What to ask?

Many horse owners ask the question, “How often should I bathe my horse?” And to be honest there is no one answer! The answer to that question really depends on a few different things like, does your horse show? What are its living conditions? How often does your horse get ridden? Do they have any fungal or skin problems? Most horses don’t need daily bathing because this may lead to dry skin. Typically hosing to remove any sweat, mud, or loose hair will do the trick! That being said, when you do decide to bathe your horse, you want to make sure you have all the necessary tools and do it in the most effective way. 

Before you grab that halter and lead, you will want to make sure you have your horse bathing supplies ready. We suggest grabbing a rubber curry, sweat scraper, our Natural Healing Horse Shampoo, mane/tail detangler, sponge, towel, and of course either a hose or bucket of water! Once you’ve grabbed your essentials, it’s time to bathe your horse. 

Once you’ve got your horse out, you will want to groom them first to loosen up any hair or dirt and to also check them for any cuts or skin conditions. Once groomed, you can grab your hose and begin to dampen your horse’s coat with warm water. Start at the bottom of their legs and then work your way up to their body! Most horses don’t mind being bathed, but if your horse does, you can do this with a bucket of water and a sponge. Keep in mind you will want to wash your horse in sections,  starting with sudsing up the body and legs, then moving on to the mane and tail, and the face last.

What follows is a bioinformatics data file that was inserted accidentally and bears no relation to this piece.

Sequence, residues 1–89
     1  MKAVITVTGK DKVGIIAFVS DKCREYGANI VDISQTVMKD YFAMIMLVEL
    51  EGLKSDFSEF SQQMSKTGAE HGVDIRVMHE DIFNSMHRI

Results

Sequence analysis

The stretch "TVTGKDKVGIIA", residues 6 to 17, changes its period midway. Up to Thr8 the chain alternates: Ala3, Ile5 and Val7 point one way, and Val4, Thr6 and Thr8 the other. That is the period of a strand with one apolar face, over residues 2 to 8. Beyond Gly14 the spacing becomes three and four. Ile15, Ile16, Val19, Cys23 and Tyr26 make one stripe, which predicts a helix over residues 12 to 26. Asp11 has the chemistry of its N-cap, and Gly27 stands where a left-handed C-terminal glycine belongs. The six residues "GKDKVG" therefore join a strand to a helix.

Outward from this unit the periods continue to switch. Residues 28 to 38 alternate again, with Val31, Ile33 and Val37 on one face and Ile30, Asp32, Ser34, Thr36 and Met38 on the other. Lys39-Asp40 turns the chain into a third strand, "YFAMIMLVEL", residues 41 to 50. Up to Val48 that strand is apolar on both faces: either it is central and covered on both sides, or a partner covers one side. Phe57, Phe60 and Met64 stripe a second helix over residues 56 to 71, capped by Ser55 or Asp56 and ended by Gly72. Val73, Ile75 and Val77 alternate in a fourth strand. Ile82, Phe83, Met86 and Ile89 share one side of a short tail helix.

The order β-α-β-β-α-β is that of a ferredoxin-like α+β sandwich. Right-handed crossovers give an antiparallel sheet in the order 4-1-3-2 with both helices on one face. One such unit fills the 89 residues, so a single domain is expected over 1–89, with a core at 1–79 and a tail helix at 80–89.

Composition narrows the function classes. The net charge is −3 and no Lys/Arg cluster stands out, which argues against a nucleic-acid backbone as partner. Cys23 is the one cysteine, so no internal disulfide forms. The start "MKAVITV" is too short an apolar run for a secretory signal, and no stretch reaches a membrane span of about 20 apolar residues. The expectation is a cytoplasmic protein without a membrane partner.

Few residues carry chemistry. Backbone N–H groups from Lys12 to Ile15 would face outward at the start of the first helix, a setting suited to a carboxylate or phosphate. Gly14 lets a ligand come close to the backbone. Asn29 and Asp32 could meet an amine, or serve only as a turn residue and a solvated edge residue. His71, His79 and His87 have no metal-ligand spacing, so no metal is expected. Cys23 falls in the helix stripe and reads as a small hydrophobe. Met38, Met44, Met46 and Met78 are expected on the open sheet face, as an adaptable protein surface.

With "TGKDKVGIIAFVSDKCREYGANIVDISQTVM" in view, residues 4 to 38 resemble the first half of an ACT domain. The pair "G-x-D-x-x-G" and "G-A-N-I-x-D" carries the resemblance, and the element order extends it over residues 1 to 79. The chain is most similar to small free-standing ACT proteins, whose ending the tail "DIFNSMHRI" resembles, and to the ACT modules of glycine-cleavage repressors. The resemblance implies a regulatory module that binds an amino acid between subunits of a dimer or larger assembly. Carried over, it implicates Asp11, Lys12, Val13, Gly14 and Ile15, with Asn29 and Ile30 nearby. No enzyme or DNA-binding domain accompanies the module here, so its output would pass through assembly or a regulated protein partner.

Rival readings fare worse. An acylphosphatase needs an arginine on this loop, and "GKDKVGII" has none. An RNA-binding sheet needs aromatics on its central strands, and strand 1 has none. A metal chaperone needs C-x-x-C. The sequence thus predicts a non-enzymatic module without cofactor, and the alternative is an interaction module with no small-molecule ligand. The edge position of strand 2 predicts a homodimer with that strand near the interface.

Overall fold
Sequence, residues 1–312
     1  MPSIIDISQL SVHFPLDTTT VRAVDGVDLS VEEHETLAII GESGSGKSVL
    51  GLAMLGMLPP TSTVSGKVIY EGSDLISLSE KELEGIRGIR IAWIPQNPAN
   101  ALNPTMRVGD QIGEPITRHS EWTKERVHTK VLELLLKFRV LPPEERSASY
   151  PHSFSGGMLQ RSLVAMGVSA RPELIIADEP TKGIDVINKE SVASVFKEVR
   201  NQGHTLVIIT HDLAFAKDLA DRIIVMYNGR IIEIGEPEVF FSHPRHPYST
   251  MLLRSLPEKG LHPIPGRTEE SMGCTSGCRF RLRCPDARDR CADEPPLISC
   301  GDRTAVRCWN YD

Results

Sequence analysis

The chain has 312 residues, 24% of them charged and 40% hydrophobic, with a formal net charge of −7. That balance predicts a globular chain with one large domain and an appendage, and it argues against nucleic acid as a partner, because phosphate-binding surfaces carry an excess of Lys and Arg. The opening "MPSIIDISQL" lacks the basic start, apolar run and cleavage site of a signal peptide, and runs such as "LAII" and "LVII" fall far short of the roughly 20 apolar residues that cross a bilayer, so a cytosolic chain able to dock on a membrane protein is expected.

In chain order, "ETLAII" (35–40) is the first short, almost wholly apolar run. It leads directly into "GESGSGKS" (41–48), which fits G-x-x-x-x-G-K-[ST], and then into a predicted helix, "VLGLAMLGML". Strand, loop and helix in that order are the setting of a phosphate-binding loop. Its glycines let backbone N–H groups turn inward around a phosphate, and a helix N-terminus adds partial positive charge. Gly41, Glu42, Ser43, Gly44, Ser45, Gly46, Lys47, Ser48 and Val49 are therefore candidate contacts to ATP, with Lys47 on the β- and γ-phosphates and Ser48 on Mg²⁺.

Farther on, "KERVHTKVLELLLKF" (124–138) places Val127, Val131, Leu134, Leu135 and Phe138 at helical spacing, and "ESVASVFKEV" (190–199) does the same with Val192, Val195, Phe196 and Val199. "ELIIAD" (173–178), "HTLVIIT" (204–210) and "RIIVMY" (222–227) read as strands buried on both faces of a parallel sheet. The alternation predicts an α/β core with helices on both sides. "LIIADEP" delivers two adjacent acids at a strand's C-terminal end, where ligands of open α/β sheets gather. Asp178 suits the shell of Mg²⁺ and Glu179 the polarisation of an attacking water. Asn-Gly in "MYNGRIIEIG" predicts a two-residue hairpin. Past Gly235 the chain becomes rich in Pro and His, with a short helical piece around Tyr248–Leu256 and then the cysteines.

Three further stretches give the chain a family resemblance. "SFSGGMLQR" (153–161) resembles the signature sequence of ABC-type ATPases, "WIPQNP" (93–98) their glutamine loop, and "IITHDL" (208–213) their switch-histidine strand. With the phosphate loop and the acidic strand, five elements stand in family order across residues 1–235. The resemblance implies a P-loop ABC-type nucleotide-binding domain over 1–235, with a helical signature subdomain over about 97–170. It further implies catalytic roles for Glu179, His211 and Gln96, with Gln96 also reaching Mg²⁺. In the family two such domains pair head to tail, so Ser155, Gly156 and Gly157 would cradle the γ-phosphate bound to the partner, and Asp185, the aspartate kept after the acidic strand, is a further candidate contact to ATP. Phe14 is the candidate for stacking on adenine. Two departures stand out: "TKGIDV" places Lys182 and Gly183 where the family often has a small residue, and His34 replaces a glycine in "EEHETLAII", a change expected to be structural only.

We recommend using our Natural Healing Shampoo to wash your horse, because not only does it clean your horse’s hair for a shiny coat, but it also helps to heal any wounds or skin fungi such as rain rot! Our shampoo has been formulated with the Matico plant which is a natural antiseptic, anti-inflammatory, and wound healer. 

Once you have your horse’s body covered in soap, you can use a rubber curry to help scrub any extra dirty spots (grey horses, we’re looking at you!) then rinse all of the shampoo off. Next, you can move onto their mane and tail repeating the same process. Lastly, we suggest washing their face. Not every horse enjoys this, so those who are not fond of having their face sprayed can again use the bucket and sponge! You will want to give your horse one more final spray to ensure that you have removed any excess soap. 

Next, grab your sweat scraper and remove any excess water, and at this time you can also double-check that you have removed all the soap. When you pull your sweat scraper across your horse’s body, if you see any soap bubbles we suggest giving them one more thorough rinse. Finally, we move on to brushing your horse’s mane and tail. You will most likely want to spray in some type of detangler to help make brushing through knots easier! 

Once you have completed giving your horse a bath, you should make sure your horse is completely dry before putting them away. A freshly bathed horse will almost always roll, and trust us when we say there is nothing more heartbreaking than seeing all your hard work get destroyed by a mud puddle! Our favorite thing to do while waiting for our horse to dry is to either hand graze them or sneak in some extra cuddles. We hope our bathing tips help to provide your horse with a happy and healthy bathing experience! 

October 15, 2021 — Cathy Halaszi